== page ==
On May 22, 2009, Mendoza got a notice of termination “for serious misconduct, gross and habitual neglect of duties and willful breach of the trust and confidence by the Company.”

It said Mendoza lost company’s trust and confidence when he threatened during the performance appraisal meeting that he “will bring down the Company” with him.

Mendoza also warned Villar’s senior officers that he “knew something about the company’s boss (referring to Villar)” which they said was tantamount to blackmail. They said Mendoza threatened to provide documents to Villar’s political enemies and was asking P25 million in exchange for his cooperation.

For the money

Mendoza wrote in his complaint that he stayed as a lawyer for Villar’s companies for 5 years largely because of the compensation from his job. He was getting P100,000 for his legal services.

He was only getting P25,000 a month in his previous job as a lawyer handling pro-bono cases at the Chavez Miranda Aseoche Law Office.

But while former Solicitor General Frank Chavez inspired him at the law firm to champion the poor and condemn corruption, he decided to accept the offer from Villar’s company to serve as in-house counsel. He was about to get married and the fat pay check was inviting.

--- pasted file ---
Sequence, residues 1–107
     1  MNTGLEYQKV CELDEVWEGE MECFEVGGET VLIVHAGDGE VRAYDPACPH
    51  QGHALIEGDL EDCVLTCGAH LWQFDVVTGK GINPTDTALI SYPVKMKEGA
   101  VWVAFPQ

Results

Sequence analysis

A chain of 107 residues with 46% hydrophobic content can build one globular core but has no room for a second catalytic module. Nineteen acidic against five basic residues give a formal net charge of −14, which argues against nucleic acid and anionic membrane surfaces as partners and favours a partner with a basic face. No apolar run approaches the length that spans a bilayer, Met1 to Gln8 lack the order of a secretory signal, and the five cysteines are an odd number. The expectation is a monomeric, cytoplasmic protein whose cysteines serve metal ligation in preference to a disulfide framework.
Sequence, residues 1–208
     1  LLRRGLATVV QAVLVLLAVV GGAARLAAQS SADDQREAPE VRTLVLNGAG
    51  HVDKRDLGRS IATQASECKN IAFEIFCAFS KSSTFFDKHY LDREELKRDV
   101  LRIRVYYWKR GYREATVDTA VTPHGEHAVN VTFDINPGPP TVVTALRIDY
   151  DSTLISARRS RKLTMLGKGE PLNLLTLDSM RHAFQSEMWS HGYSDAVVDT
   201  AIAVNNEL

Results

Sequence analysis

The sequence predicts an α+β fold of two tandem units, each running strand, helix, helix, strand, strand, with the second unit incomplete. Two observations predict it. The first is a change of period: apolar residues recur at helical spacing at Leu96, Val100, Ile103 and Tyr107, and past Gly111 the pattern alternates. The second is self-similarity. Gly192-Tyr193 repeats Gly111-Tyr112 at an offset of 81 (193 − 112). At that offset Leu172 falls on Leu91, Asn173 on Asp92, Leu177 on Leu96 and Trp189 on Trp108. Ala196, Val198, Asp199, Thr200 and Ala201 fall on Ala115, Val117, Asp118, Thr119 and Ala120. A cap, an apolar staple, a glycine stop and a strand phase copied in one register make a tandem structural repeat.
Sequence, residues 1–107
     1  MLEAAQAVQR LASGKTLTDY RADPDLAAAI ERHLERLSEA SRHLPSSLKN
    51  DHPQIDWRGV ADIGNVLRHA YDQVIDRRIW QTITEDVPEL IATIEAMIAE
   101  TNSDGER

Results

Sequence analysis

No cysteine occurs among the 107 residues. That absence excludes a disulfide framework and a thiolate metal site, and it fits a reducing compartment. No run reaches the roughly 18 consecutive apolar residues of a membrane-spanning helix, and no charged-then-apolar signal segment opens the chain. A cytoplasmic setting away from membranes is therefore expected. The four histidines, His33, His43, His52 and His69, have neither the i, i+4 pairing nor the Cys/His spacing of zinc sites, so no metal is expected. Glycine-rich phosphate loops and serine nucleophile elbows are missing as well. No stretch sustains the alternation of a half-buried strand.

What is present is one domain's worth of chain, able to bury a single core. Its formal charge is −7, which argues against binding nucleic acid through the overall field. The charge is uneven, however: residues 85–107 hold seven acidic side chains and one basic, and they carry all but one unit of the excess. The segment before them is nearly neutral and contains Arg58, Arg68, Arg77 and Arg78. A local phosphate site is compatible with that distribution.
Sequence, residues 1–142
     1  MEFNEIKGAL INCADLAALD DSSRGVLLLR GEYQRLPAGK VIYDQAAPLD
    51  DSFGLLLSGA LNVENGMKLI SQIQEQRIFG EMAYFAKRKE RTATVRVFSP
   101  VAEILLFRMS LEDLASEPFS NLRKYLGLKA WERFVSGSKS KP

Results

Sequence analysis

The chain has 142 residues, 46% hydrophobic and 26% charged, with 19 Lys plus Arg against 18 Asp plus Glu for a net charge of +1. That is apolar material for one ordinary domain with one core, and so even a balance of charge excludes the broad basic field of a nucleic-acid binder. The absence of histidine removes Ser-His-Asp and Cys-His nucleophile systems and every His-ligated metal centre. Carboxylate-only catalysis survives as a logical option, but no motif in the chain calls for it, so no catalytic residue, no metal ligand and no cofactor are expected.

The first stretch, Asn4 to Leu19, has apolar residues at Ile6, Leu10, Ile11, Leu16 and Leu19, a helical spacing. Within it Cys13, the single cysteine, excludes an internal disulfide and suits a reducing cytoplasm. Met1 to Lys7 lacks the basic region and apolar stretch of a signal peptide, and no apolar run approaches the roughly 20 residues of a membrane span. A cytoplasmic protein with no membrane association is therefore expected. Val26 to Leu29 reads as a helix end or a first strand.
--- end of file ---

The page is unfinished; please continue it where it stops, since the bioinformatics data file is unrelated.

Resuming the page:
He wrote that the career move “would expose him not only to a life of luxury but also to a life of corruption within and (outside) his workplace and the very principles and morals he possessed would be put to a test.”

He pondered: “Would he choose a life of comfort in exchange for his principles? Would he just keep quiet about the corruption he just discovered? Does Senator Villar know about the policy of corruption of his senior officers?”

Personality problems

In an interview, Mendoza’s former boss Nalen Rosario-Galang said his allegations are all lies.

She explained that Mendoza has a problem with authority since he could not get along with superiors and colleagues. She also said he has illusions of grandeur.

“I did not see that (personality problem) when I hired him. I thought he was okay,” Galang said.

Galang said she asked around and found out that Mendoza had the same personality problems with his former employers.

Chavez, in a separate interview, debunked Galang’s claim on Mendoza behavior at work.
He said Mendoza was a team player. “I had no problems with him.”

Galang wondered why it took Mendoza five years to come out with his supposed expose, saying “this was contrary to human nature.” When asked why it took her five years to terminate Mendoza, Galang said she pitied Mendoza.

She acknowledged that Mendoza as a lawyer is effective. “He could have been second in command.”

Galang said she is preparing disbarment proceedings against Mendoza for violating the legal ethics of confidentiality between a lawyer and a client.

When asked why she will pursue a case against Mendoza only now, she said she had not wanted to dignify Mendoza’s allegations. With reports and additional research from Ma. Althea Teves and Purple Romero,